Eating Fish: Farm Raised vs. Wild Caught

seafood salmon

Do You Buy Wild or Farm Raised Seafood?

Eating fish is one of the best food choices we can make.  I think I could be a semi-vegetarian because I love all vegetables, but I love fish too.  The dilemma for me, is to find out which kind of fish to buy.  I am looking into farm raised vs. wild caught fish, as the stores usually offer both.

I was under the impression that wild caught fish was better.  In my mind, logically, once people become in charge of raising something to sell, and make money from, they can become unscrupulous.  What exactly are they doing on those fish farms?  What are they feeding the fish, that I will end up consuming if I buy their fish?

Oh sure, there are regulations, and from what I read the U.S. is strict on the way fish are farmed, but how do we know?  Have you ever seen a fish farm in person?  I have not.  But a search on YouTube brings up plenty of fish farming practices, from submerged ocean farms to backyard fisheries.

In this post at wtop, written in June 2015, the author believes that we will see more fish farms as time goes on.  One reason being that the carbon footprint is smaller.  No boats going out to sea, no trucking fresh caught fish to processing and then to market.  Fish farms can be built close to cities.

All this makes me wonder about the future of our fisherman.  In some areas, catching wild fish may lead to over-fishing and populations declining.  Wild fish may be eating contaminants in their wild habitats, which are then passed on to the consumer.  But there are fishermen (and women) who are responsible and choose sustainable methods of fishing.  (See my Alaska Gold link below.)

Controlling how the fish eat is one advantage of farm raising our fish supply.  However, it can be a disadvantage if you are worried about additives and food sources.   Many wild-caught fish eat smaller fish which eat algea.  The algea is what gives fish it’s good source of  omega-3s.  But fish farmers can grow their own algea and feed it to the fish.  This sounds good, but do they do it?  Do those farm fish have as many good nutrients as their free relatives?

The world-wide organization ASC (Aquaculture Stewardship Council) accredits fish farms as being environmentally and socially responsible.  At the site they list which farms are already certified, or are in the process of being certified.  They also provide a list of what is expected in order to become certified.    They also provide a list of certified suppliers at FishChoice.  A few of these are located in the United States.  I’m not saying this is all there is, this is the list I came across.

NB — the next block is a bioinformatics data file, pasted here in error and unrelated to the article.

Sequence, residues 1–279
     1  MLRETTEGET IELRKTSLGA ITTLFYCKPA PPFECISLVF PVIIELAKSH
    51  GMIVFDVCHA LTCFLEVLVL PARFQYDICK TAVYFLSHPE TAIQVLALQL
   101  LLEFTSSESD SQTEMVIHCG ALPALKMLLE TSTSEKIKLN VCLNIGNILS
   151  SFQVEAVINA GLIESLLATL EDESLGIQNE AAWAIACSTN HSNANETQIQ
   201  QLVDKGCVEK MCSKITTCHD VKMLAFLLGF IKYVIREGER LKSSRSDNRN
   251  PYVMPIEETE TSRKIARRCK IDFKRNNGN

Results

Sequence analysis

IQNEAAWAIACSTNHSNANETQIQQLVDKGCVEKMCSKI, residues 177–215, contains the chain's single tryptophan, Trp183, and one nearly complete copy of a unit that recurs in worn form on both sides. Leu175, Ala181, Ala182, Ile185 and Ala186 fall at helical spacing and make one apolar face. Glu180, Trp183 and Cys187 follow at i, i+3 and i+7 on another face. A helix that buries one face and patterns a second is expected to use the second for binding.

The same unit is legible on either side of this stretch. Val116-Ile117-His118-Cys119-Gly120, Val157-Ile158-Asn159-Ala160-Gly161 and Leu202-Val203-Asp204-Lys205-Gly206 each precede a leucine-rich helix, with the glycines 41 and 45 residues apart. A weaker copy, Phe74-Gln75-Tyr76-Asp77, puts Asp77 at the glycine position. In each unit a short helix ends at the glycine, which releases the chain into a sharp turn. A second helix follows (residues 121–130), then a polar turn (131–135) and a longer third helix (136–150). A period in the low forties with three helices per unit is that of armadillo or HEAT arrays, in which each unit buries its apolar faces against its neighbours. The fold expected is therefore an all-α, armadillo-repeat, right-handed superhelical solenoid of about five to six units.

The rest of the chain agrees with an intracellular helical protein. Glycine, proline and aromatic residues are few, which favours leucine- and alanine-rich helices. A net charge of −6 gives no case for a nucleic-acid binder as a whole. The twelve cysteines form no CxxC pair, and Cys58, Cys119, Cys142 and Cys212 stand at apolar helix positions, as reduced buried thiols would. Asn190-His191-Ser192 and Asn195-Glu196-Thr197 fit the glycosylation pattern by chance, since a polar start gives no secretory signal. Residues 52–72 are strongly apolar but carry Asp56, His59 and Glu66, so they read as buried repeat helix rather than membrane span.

So how do we know where the grocery stores buy their fresh and frozen fish?  Is there any way to find out, besides getting a job at the local store?  I don’t know.  So I went to the Publix twitter account and asked where they get their farm-raised seafood.  I got the answer within a couple of days, and was told that their “farm raised salmon is sourced from Chile”.

I live in the northeastern US and there are no Pubix supermarkets up here.  When I lived in Florida it was the only place I would shop.  If any store was going to answer my question, it would have been them, and they came through.  Of course Chile is a big place, and that doesn’t narrow it down.  I still have to go on faith that they get their fish from a reputable place.  But, I love Publix so I would trust them.

In the mean time, I have been ordering salmon and halibut from the Alaska Gold company, which is a seafood producers cooperative (SPC).  They guarantee quality Alaska seafood, caught by the traditional hook & line method.  They follow sustainable fishing practices, and all the seafood comes from the northern Pacific Ocean.  I’ve already had one order, and went through that pretty fast.  The seafood is delicious.  I know exactly where it’s coming from, which answers many questions for me.

 

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